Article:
Some errors indetermination of the location of the position of markers (30-40) are introduced by changing gray level, due to slight rotation of a marker (30-40) out of the plane of the TV cameras, by fore-shortening of the marker by rotation; and by blockage of the marker by a swinging hand during walking. The software provided takes all of these into consideration. Several other techniques are available to locate markers (30-40). If the gray level changes during motion such that the reflectivity of the marker falls below the predetermined threshold, computer 74 automatically adjusts the threshold to a lower gray level enabling the marker to be found in subsequent frames. If the marker has been blocked by a swinging hand, the computer flags this and subsequently interpolates between identical points to find the missing point, and thus provides a complete set of data. The software also provides a cross-coupling feature that allows the data from front camera 50 to be corrected by data from side camera 54 and vica versa, to further eliminate magnification and parallax. The x, y and z coordinates for each point are available by printout from computer 74 and hard copy unit 80.
The method and system provided results in a determination of the position of markers (30-40) to about plus or minus 0.3 cm, absolute accuracy and a reproducibility of greater than 99%. The results produce data of high enough integrity to be clinically useful.
After all x, y, and z coordinates have been determined for each frame of the video record for the body segments and joints of interest the data so collected is dumped into microcomputer 70 for analysis, final calculations and data presentation. One program produces stick FIGS. 120 (FIGS. 5 and 6) of test subject 10 of any degree of complexity upon operator request. Since x, y, and z coordinates for each marker for each frame are stored in computer 74 an overhead view of the movement thereof is easily depicted in the form of deviation of the markers from centerline 14 of runway 12. This is shown in FIG. 6 with respect to display thereof of centerline 14 for hip marker spots 122, knee marker spots 124, ankle marker spots 126, and toe marker spots 128. This data and its display as shown in FIG. 6 are potentially useful in the determination of out-of-plane motions relevant to the assessment of orthopedic disorders.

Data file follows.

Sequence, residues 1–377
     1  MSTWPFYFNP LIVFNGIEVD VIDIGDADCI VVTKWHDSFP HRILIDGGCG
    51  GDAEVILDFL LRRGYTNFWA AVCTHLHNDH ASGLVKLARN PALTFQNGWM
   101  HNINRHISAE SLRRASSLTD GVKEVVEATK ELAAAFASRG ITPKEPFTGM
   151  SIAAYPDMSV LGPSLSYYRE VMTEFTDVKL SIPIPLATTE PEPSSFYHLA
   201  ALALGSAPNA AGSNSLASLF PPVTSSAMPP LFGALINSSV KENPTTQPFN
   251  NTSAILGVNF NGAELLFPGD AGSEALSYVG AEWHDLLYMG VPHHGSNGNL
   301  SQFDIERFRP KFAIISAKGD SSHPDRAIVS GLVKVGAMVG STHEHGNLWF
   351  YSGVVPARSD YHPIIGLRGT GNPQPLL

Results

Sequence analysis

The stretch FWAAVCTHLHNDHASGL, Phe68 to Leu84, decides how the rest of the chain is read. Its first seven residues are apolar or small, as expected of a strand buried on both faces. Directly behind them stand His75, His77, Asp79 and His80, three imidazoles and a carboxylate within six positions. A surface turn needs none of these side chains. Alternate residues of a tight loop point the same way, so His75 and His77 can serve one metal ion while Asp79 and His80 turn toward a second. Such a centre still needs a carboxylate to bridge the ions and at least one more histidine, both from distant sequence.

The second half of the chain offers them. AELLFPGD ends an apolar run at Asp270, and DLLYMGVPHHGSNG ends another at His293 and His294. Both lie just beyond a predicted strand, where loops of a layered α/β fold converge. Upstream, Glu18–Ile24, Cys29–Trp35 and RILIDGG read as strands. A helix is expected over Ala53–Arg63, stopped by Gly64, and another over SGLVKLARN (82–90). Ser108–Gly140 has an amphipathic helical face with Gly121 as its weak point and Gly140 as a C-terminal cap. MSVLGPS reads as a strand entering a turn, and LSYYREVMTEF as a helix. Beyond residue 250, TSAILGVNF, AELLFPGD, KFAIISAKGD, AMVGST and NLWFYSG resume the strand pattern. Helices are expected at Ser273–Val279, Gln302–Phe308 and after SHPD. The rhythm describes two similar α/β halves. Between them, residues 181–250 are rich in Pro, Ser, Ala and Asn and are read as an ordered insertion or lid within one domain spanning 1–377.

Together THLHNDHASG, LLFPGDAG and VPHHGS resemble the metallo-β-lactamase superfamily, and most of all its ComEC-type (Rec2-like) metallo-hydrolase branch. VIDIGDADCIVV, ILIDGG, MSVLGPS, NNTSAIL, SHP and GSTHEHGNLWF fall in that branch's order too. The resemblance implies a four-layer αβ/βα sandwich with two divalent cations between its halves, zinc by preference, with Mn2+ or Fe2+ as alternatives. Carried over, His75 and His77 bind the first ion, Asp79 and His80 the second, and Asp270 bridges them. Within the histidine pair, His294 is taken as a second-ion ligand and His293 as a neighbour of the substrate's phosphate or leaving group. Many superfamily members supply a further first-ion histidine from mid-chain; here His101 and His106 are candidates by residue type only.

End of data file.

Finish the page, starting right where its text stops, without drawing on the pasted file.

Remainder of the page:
Stick figures have value and the advantage of providing an analog display of data produced by computer 74 that bears a direct relationship to the actual motion of the patient. The usefullness of this data lies in its interpretability. Stick figures are especially of practical value when test subject motion is extremely abnormal.
A subroutine is also provided for computer 74 to produce cyclograms, from the three dimensional data, such as those shown at 130 (FIG. 7), 140 (FIG. 8a), 150 (FIG. 8b), 160 (FIG. 9a), and 170 (FIG. 9b). Cyclograms 130, 140, 150, 160 and 170 depict the angular relationship of two joints during a cycle of motion. The degree of smoothness and openness of the cyclogram has been found to be a good indicator of the relative normalcy of the motion. Certain orthopedic conditions can be quantitated quite readily through such a depiction of the angle-plot, by comparison with similar data from a typical normal test subject.